Improv comics Brad Sherwood and Colin Mochrie try to swap out the games they play in their live shows as often as possible to avoid getting bored.
But there’s one bit they’ll probably never be able to retire.
It involves the duo exploring a relatively mundane premise while walking, blindfolded and barefooted, around a stage that has been covered with more than 100 armed mousetraps, Sherwood said in a phone interview.
“I think it’s a total regression to childhood,” he said, referring to the audience’s visceral reaction to the sketch. “The entire audience is squealing and howling. I think we’re tapping into that part of the brain that appreciates the Three Stooges.”
Sherwood, Mochrie and the mousetraps will take the Honeywell Center stage in Wabash on Friday, Dec. 11.
For more than two decades, Sherwood and Mochrie have been on-again, off-again cast members on the on-again, off-again TV series, “Whose Line Is It Anyway?”
The first TV edition of “Whose Line Is It Anyway?” debuted in 1988 on Channel Four in Great Britain. A second American incarnation of the show has been running on the CW since 2013 and has been renewed through 2016.
The series and its offshoots have made stars of Sherwood, Mochrie, Ryan Stiles, Wayne Brady, Greg Proops and Chip Esten.
When Sherwood and Mochrie decided to team up 13 years ago for a live show or two, they had no idea it would lead to a tour lasting until 2015 and beyond.
“It has never stopped,” he said. “It has never officially stopped. Yes, the tour does slow down a bit in the summer, but we go out every spring and fall.
“I believe it’s the longest running two-man improv show on the planet, which I admit is a narrow category,” Sherwood said.
The reason these two men teamed up instead of two of the others has to do with their “similar comic sensibilities,” Sherwood said, and the fact that they “get along really well.”
What makes a Sherwood/Mochrie show different from most other fare available at venues of the Honeywell Center’s size is the extent of the audience participation.
Audience members are asked to set up premises and join some skits.
“We have such a different relationship with the audience,” Sherwood said. “It’s as if we are locking arms with them and saying, ‘Let’s go on a journey! We’re going to make this funny together!’
“It’s not like a stand-up routine where you cross your arms and say, ‘I hope this guy’s funny,’” she said.
Asked if improv is the “trust fall” or “Outward Bound” of comedy, Sherwood said, “I think that’s a very good description. We do depend on each other that way. We’re like two comedic martial artists. We have to be prepared for anything.”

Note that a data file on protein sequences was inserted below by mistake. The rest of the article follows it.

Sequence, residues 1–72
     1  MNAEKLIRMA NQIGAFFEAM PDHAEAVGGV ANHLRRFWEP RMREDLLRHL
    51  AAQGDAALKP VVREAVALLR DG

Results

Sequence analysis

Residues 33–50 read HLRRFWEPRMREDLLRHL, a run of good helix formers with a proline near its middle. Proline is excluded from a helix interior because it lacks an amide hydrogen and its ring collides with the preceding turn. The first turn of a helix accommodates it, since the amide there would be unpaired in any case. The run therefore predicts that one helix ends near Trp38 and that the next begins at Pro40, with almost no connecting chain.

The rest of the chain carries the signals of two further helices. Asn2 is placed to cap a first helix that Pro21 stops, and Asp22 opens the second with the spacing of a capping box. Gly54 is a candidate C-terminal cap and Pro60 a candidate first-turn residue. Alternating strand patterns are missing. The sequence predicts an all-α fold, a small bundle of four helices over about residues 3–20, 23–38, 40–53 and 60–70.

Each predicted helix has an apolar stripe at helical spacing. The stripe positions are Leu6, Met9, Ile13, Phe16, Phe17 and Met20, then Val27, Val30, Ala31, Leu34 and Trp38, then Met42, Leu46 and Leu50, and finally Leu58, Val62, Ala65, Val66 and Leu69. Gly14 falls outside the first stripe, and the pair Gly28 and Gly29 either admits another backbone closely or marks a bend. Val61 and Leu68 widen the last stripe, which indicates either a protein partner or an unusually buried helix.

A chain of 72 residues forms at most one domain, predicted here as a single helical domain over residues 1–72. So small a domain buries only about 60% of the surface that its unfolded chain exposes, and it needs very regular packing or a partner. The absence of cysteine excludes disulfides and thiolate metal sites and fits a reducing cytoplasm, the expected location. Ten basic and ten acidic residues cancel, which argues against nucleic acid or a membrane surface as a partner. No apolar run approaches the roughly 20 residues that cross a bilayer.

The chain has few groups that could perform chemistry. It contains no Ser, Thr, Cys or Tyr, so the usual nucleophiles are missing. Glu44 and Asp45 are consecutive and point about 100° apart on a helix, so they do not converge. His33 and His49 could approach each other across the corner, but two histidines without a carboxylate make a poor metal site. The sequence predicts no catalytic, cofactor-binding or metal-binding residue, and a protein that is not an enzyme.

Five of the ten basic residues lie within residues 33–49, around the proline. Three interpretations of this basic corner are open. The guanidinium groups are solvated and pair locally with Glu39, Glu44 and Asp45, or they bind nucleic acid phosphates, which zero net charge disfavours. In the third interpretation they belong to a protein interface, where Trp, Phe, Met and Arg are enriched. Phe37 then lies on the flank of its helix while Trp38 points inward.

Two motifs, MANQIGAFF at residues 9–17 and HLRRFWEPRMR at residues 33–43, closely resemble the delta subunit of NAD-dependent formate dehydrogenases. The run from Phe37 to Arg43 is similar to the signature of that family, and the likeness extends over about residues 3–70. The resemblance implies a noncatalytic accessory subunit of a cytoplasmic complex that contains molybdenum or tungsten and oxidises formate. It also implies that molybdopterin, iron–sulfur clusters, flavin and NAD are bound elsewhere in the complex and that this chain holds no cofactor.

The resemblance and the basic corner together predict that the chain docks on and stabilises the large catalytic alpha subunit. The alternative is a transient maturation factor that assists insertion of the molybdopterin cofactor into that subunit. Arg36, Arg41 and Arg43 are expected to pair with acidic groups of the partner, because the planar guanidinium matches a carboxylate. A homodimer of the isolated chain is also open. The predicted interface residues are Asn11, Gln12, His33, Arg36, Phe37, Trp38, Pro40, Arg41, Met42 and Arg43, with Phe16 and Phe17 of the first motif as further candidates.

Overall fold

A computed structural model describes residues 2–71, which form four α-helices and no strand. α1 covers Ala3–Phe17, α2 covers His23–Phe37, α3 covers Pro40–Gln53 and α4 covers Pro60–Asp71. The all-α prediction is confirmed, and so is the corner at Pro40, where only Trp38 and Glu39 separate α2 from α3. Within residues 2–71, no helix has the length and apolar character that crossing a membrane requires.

In a sense, Sherwood said, bringing audience members up on stage is not so much about increasing the humor (at least not directly) as it is about increasing the challenges.
“A really good improv comic isn’t just someone who works well with other improv comics,” he said. “It’s someone who works well with people who aren’t improv comics and who have no stage presence.”
A Sherwood/Mochrie extravaganza might be one of the few opportunities the adults in the audience will get to participate in “something so interactive and immediate,” Sherwood said.
As immensely entertaining as good improv is, the form still gets a bum rap sometimes.
Comedy duo Tim & Eric expended a couple of sketches on their Adult Swim show mocking something that looked suspiciously like “Whose Line Is It Anyway?”
And networks fear improv shows, Sherwood said, despite how cheap they are to produce.
“Whether they understand it or not, they can’t put a harness on it and be in complete control,” he said. “There’s no script they can change. It’s just someone walking into a room saying, ‘I’ve got five clever people who are going to say whatever comes off the tops of their heads. Write me out a check.’”
When a patron’s first experience with live improv is a bad one, he may have a reaction that is unique to the situation, Sherwood said.
“If it puts a bad taste in his mouth, he may decide never to go to another improv show,” he said. “Whereas, with a bad stand-up routine, you never hear anyone say they’ll never pay to see another comic.”
Improv lives and dies by that first experience, Sherwood said.
Luckily, he said, thanks to “Whose Line Is It Anyway?” there are generations of children who are growing up with an appreciation for improv comedy.